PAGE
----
related to concurrence, ability, expectations from outside, threat and punishment. As to

intrinsic motivation factors, Fransson (1978) has shown that if this kind of motivation is

stimulated it commonly leads to a holistic (understanding) way of acting, which in its turn

leads to improved learning. What are the results concerning the use of computers in this

domain? How do pupils comprehend this medium? They have studied how teachers have

answered the question whether computer support/IT improves learning or not. The most

common answer was that the pupils’ commitment and interest increase in situations when

they use computer support/IT. For the matter of differences in learning related to gender

Pedersen (1998) points out that the attitudes of boys using computers are more positive in

general than the attitudes of girls who are interested in how computers can be used in a

context. The objection to the results however can be raised in those cases, where pupils

develop a positive attitude to the medium and way of working in question that it is mainly

regarded as a Hawthorne-effect, which means that they enjoy the pleasure to work with

something new in education. It is also a well-known fact that a varying content and ways of

working in education have proven to have a positive impact on learning. The objection

however is hard to claim in those cases dealing with studies executed over a long period of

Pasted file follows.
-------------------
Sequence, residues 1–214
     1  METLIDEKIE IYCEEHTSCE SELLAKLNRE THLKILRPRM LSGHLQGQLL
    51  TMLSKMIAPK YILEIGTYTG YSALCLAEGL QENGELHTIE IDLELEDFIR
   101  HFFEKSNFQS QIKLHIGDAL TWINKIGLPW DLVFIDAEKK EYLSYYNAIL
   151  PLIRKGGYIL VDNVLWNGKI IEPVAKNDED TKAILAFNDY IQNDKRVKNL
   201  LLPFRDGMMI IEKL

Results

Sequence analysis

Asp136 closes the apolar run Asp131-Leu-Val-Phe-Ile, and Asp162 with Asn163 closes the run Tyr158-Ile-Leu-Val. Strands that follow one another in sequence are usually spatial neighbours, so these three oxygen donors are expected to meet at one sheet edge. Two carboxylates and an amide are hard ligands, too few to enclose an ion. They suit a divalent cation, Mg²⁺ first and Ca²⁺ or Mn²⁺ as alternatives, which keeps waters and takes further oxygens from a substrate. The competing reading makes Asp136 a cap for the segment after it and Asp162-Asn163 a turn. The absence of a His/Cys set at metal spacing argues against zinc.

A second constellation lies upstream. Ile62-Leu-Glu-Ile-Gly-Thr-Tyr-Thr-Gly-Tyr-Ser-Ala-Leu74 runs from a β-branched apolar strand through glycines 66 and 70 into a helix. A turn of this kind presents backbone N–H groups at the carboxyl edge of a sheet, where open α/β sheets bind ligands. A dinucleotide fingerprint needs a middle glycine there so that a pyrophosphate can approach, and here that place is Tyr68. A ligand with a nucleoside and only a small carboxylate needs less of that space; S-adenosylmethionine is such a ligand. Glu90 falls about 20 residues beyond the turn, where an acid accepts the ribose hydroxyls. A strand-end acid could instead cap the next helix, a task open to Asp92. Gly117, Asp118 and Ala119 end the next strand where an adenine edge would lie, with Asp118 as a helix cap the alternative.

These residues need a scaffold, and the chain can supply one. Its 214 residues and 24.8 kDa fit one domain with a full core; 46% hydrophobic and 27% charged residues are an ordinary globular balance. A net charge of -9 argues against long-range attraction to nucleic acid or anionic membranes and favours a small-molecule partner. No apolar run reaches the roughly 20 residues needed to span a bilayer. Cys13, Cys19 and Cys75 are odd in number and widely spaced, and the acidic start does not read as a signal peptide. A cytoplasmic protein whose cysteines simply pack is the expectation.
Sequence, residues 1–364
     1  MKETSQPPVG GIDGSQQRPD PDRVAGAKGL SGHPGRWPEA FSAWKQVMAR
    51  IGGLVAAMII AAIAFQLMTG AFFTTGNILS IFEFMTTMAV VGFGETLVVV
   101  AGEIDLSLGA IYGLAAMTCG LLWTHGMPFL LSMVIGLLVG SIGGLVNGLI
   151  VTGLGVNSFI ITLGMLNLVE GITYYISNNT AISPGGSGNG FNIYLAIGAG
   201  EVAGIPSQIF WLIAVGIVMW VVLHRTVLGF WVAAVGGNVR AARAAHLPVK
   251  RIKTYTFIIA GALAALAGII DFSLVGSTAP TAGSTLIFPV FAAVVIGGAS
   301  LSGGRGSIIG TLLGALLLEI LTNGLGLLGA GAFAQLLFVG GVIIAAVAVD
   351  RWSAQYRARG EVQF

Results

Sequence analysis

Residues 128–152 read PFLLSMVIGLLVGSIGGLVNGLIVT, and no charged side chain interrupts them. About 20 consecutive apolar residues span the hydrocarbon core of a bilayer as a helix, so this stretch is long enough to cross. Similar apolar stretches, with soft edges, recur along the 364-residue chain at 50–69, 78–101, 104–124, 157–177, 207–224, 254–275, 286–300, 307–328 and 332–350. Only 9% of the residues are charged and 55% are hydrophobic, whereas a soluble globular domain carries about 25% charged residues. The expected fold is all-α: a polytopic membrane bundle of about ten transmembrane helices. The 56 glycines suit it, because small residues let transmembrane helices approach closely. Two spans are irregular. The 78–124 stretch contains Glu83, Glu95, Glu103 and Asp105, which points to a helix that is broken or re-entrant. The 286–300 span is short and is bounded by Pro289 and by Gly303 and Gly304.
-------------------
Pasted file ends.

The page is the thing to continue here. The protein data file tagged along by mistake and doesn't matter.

NOV-DEC 2016, VOL-4/27 www.srjis.com Page 4609 A Lifelong Learning Perspective on ICT Education

The lifelong learning perspective suggested above could be adopted whenever ICT

literacy is taken into consideration. There are obvious differences between book related

knowledge and ICT-based knowledge. Book related knowledge is considered to have a

longer retention period and a deeper impact on the intellectual mind. ICT-based knowledge is

normally considered as a renewable supply and to be sustained must be constantly reviewed.

Lifelong learning as a phenomenon is generally defined from two different perspectives.

These are the lifelong and the life wide learning processes. Life wide learning is related to the

different forms of learning during a person’s life. They are regarded as formal learning,

non-formal learning, and informal learning. Generally speaking, formal learning is that which is

given in formal institutions, e.g. schools and universities. Non-formal learning occurs in other

institutions, such as study circles, a popular form of continuing education in Scandinavia.

Both formal and non-formal learning are awarded with some form of diploma or, at least, an

official recognition. Informal learning refers to the learning, which occurs in everyday life,

and where the learner is not usually conscious of the learning process. This category also

includes learning labeled as tacit learning or tacit knowledge. ICT learning does, in fact,

occur in all these forms of learning. These three forms of life wide learning are not mutually

exclusive. They appear in each of us during our entire life. Lifelong learning on the other

hand, refers to the process by which an individual is given the opportunity to learn throughout